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Why Vegetarianism?

Definition

Vegetarianism is a popular dietary practice, philosophy and way of living that excludes all animal flesh and organ meats (such as liver, brain, and thymus), fish (including shellfish and other creatures of the sea), poultry and fowl. There are several variants of the diet, but the most common is lacto-ovo vegetarianism, which includes dairy and eggs.

History

Vegetarianism has its historical roots in antiquity, dating as far back in Ancient India and Greece as 6 century BC. Vegetarianism has long been the cornerstone of Hinduism with the concept of ahimsa or “non-violence” at its center. Vegetarianism was also an accepted practice amongst the ancient Greek philosophers. It is widely believed that Pythagoras demanded that all his potential students adopt a vegetarian diet before beginning their lesson to ensure a clean mind and body.

Vegetarianism was introduced to Europe sporadically up through the Renaissance by different orders of monks and priests for ascetic purposes but mostly for certain religious rites and observances of holy days and then usually did not exclude the consumption of fish.

In 1847, the first Vegetarian Society was formed in England. Those congregated there actually coined the term “vegetarian” and gave the movement legitimacy. Similar societies spread throughout Europe thereafter.

Vegetarianism became popular here in the United States in the early 1960’s as part of the overall counter-culture movement which went hand-in-hand with peaceful living, non-violence and concern for the environment. Today it is estimated that somewhere between 1 and 3 percent of the US population follows a vegetarian diet.


Health Benefits

After much vigorous debate over the years, the American Dietetic Association has now concluded that a balanced, properly-planned and conscientiously executed vegetarian diet will satisfy the nutritional needs for all stages of life, from birth to old age. Many well-documented and reputable medical studies have shown that adopting a vegetarian diet can significantly lower risks of cancer, heart, bowel, and liver disease, osteoporosis and other fatal diseases. All of life’s necessary nutrients: amino acids, protein, vitamins, minerals, bioflavonoids and micronutrients can be found in abundance in vegetables, grains, nuts, soymilk, eggs and dairy.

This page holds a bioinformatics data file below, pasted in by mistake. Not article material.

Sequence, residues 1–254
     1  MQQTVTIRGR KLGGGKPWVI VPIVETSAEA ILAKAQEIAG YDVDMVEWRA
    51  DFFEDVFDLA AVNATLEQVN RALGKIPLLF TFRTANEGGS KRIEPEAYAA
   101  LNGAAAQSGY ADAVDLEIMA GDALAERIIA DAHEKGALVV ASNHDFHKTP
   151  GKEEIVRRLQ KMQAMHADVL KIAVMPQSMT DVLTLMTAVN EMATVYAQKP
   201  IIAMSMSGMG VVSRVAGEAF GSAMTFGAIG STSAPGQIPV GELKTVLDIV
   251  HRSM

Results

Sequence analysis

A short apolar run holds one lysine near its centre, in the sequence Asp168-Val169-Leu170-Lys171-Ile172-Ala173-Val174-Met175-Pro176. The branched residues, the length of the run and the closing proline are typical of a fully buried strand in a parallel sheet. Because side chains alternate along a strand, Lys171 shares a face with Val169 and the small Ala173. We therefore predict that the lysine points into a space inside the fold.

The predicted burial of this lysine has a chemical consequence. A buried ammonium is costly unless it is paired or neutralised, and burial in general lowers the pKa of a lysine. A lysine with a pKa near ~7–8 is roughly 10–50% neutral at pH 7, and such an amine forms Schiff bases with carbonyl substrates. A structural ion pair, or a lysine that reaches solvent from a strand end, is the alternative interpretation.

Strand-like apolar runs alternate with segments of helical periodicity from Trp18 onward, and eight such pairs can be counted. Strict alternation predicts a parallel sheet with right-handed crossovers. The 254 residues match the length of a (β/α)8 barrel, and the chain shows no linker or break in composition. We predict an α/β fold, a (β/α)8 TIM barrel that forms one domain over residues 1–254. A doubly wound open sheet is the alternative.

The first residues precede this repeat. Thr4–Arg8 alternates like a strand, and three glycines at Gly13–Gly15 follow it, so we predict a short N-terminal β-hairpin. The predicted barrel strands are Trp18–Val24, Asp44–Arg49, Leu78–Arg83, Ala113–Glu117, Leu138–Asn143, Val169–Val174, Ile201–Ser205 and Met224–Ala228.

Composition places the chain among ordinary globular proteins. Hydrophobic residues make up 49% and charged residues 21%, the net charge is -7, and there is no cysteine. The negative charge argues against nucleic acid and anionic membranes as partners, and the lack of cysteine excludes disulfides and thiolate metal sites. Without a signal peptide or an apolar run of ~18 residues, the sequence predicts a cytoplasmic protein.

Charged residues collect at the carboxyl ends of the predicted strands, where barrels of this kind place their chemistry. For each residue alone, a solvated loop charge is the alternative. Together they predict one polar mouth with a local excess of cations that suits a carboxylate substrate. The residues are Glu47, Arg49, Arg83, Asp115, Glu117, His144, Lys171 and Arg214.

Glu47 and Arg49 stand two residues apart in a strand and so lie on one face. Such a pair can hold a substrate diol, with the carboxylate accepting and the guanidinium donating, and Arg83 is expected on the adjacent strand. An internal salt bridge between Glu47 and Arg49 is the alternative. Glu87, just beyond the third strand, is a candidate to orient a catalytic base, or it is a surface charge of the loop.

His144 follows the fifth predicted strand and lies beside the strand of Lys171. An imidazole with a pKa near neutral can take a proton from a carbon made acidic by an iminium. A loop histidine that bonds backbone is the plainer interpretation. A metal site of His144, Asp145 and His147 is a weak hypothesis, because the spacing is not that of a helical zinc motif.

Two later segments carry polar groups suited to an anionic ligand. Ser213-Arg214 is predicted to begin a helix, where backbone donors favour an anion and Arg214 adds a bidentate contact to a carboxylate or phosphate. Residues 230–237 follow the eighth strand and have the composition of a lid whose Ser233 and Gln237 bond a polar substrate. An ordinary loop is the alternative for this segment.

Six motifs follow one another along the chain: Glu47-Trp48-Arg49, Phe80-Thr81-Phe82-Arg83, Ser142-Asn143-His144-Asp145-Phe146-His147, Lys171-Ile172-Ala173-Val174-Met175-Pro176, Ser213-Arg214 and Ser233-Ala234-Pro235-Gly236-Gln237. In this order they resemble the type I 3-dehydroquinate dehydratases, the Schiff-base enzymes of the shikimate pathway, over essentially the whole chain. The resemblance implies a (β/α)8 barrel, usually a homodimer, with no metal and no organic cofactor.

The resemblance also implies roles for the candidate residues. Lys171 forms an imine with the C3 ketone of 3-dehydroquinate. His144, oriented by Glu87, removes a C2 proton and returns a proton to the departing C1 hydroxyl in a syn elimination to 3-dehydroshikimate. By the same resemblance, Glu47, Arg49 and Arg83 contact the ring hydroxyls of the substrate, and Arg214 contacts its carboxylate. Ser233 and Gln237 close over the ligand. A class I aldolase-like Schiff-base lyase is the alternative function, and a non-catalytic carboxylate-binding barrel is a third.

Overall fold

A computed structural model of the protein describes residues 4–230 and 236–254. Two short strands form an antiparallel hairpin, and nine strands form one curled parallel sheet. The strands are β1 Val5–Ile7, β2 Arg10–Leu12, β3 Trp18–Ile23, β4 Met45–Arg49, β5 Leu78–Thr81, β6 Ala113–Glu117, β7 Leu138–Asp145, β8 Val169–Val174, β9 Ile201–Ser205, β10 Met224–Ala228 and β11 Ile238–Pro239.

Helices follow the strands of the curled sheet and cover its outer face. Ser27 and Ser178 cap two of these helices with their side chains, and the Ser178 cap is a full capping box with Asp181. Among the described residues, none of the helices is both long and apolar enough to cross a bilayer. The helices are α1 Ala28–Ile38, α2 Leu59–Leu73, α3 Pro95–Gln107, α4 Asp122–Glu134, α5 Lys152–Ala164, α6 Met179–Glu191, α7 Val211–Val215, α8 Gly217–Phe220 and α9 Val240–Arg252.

Famous Vegetarians

  • Buddha
  • Gandhi
  • Socrates
  • Charles Darwin
  • Albert Einstein
  • Nicola Tesla
  • Henry David Thoreau
  • Dustin Hoffman
  • Louisa May Alcott
  • George Harrison
  • Bill Maher
  • Milton Berle
  • David Bowie
  • Bridgette Bardot
  • John Cleese
  • Jerry Garcia

Famous Quotes

“My opinion is well known. I do not regard flesh food as necessary for us at any stage and under any climate in which it is possible for humane beings ordinarily to live. I hold flesh food to be unsuited to our species.
Mahatma Gandhi 1869-1948

“The question is not, Can they reason? Nor can they talk? But can they suffer?”

Jeremy Bentham 1748-1832

“Nothing will benefit human health and increase chances for survival of life on Earth as much as the evolution to a vegetarian diet.”
Albert Einstein 1879-1955

“The love for all living creatures is the most noble attribute of man.”
Charles Darwin 1809-1882

"Then God said, "I give you every seed-bearing plant on the face of the whole earth and every tree that has fruit with seed in it. They will be yours for food. And to all the beasts of the earth and all the birds of the air and all the creatures that move on the ground—everything that has the breath of life in it—I give every green plant for food." And it was so."
Genesis 1:29-30 New International Version